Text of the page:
Sarah Finlaw, a spokeswoman for the Executive Office of Administration and Finance, said, “We’re going to work with the treasurer’s office and transfer the funds over to them.”

Luckily, from the statement from the Executive Office of Administration and Finance we can gather that they are not in any way planning to delay this next move to get the legal cannabis industry running. Even once the commission is in place, there is still the issue of bills being heard in legislature that would change or expand on the law passed by voters, so it will be a few months before any major progress is made. But for the time being, getting this commission in place is an important first step in the right direction.

Originally published: The Marijuana Times

Georgia Patients Will Still Have to Obtain Medical Cannabis Illegally

Georgia Patients Will Still Have to Obtain Medical Cannabis Illegally

After quite a bit of debate in the legislature, a medical marijuana expansion bill has finally been passed by both the House and the Senate. The bill that made it through to the end is a revised version of Senate Bill 16, which had previously been approved by the Senate and saw a couple major revisions during the review in the House when Senator Ben Watson and Representative Allen Peake came to an agreement between their two versions of similar bills. After being approved by the House, the bill went back to the Senate for a final vote where they approved it this week with a vote of 45-6.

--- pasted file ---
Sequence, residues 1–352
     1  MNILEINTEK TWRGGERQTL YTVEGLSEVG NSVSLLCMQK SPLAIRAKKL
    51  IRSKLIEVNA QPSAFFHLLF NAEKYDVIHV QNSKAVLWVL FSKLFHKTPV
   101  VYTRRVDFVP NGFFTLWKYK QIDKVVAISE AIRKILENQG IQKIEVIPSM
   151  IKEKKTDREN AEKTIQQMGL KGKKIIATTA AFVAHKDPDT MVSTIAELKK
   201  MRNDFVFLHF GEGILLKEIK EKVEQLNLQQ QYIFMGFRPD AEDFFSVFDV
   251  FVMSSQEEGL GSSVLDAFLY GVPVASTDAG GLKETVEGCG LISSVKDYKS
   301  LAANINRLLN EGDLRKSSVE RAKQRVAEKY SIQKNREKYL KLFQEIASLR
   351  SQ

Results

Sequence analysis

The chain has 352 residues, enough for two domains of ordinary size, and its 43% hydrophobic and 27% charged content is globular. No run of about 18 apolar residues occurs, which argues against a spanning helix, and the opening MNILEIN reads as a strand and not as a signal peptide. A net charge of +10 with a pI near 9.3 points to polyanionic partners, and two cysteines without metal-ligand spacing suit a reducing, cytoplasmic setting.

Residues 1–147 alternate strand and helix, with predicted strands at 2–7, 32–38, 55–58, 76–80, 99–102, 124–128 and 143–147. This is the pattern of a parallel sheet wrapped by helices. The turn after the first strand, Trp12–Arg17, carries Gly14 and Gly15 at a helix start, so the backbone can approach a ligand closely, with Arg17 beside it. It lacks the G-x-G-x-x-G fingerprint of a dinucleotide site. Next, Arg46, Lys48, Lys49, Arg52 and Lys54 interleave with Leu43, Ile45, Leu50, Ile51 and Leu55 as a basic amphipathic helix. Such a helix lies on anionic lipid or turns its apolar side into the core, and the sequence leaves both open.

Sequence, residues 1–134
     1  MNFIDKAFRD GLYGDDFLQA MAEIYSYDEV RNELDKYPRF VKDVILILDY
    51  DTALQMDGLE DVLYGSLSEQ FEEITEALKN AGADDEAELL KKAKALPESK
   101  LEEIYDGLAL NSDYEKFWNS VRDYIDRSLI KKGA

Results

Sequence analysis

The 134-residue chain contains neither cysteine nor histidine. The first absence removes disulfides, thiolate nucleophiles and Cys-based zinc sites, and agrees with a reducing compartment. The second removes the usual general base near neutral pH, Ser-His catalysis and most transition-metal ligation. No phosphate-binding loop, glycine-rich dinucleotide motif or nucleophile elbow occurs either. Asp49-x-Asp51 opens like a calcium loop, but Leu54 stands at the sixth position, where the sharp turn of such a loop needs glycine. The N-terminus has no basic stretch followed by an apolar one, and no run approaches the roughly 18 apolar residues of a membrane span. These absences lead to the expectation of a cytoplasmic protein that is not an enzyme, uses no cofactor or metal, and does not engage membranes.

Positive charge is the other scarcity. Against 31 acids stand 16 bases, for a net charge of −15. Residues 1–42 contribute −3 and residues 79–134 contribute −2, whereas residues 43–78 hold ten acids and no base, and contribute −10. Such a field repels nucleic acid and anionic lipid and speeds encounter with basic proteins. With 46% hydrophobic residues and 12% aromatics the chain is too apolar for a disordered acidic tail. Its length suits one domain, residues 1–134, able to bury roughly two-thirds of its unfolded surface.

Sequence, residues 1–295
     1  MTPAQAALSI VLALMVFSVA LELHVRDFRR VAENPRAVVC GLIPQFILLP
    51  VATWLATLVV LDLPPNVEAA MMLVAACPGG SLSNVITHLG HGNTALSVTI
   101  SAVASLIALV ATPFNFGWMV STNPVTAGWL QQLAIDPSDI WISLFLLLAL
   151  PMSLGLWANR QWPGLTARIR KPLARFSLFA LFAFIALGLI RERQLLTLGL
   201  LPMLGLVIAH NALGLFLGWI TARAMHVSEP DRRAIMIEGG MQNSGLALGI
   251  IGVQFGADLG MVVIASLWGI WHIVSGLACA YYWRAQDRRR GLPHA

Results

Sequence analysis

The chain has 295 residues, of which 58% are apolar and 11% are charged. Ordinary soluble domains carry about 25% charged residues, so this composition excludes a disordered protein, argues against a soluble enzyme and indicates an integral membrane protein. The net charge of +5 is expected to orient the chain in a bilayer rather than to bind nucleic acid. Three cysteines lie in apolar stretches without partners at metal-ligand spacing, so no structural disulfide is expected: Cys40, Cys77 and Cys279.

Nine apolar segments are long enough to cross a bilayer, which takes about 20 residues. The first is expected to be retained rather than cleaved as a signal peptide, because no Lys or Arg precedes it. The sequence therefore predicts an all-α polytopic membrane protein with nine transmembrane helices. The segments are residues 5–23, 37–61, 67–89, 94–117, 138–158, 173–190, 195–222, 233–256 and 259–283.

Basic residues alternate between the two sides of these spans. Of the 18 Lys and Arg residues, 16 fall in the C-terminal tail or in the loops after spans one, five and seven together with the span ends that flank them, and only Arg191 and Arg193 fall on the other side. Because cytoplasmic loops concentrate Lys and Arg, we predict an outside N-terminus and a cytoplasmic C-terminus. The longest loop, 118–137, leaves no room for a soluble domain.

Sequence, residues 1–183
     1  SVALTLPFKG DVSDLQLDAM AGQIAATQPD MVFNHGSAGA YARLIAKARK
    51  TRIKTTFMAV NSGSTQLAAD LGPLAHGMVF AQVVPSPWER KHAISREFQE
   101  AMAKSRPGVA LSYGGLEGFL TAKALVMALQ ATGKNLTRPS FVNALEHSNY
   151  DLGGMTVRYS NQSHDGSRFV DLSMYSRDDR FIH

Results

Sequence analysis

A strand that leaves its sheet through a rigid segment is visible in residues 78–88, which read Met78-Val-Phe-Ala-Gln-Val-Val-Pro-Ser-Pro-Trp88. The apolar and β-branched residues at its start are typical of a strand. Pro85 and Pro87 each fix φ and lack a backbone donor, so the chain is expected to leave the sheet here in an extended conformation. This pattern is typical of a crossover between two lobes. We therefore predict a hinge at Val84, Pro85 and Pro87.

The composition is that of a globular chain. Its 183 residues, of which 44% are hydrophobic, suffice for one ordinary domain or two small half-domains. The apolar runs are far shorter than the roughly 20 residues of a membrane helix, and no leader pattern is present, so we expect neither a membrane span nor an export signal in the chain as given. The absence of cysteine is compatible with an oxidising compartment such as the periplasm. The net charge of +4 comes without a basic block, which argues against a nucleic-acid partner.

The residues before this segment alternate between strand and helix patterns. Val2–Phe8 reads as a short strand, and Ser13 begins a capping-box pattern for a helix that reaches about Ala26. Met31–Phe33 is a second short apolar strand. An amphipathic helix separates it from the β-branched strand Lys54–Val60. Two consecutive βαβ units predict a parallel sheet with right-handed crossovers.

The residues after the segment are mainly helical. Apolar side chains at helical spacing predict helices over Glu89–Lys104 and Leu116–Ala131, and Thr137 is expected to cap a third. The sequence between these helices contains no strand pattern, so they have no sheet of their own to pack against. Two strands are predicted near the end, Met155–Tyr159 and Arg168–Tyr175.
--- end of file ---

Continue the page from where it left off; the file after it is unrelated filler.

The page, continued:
The bill originally had allowed patients with autism to possess cannabis oil – adding them to the list that currently allowed cannabis oil for nine different conditions – but it had also attempted to limit the amount of THC in the cannabis oil to 3%, less than the 5% allowed under current law. The House bill had allowed for a much larger number of conditions to be added, and kept the current laws regarding the concentration of THC in the cannabis oil allowed to be possessed by patients. In the end, the two bills were merged, allowing autism, AIDs/HIV, Tourette’s syndrome, and Alzheimer’s, among others – and dropping the 3% provision from the Senate bill.

“Today we’re going to provide more access to Georgians with very specific illnesses,” said Sen. Matt Brass, R-Newnan. “And we’ll provide doctors more treatment options for patients.”

Even though this legislation does dramatically increase the number of patients who will qualify to possess medical cannabis oil, it doesn’t actually provide a way for patients to access the medicine once a doctor has recommended it. So if Senator Brass – and other lawmakers – really want to make a difference for these patients, providing real access to safe medicine is the next thing they need to consider.

As it stands patients must still obtain the cannabis oil illegally – which leaves them few options and probably adds to the reasons why many patients will continue to go without the medicine they need. Yet another reason is the fact that low THC cannabis oil is not shown to aid as much as high THC cannabis products for many of the conditions that have been on the list, or are being added to the list, of qualifying conditions. However, the fact that they have recognized that medical cannabis can be beneficial to these patients is definitely a step in the right direction.

Now that the bill has been approved by both the House and the Senate it has been sent over to the governor for a signature – but so far the governor’s office has declined to say whether or not Governor Deal intends to sign the bill or not. Hopefully, in a matter of weeks, this medical marijuana expansion bill will become law, and then progressive lawmakers can move on to the next logical step (one that should have been a priority before now), which is providing legal and safe access to medical marijuana within the state of Georgia.

Originally published: The Marijuana Times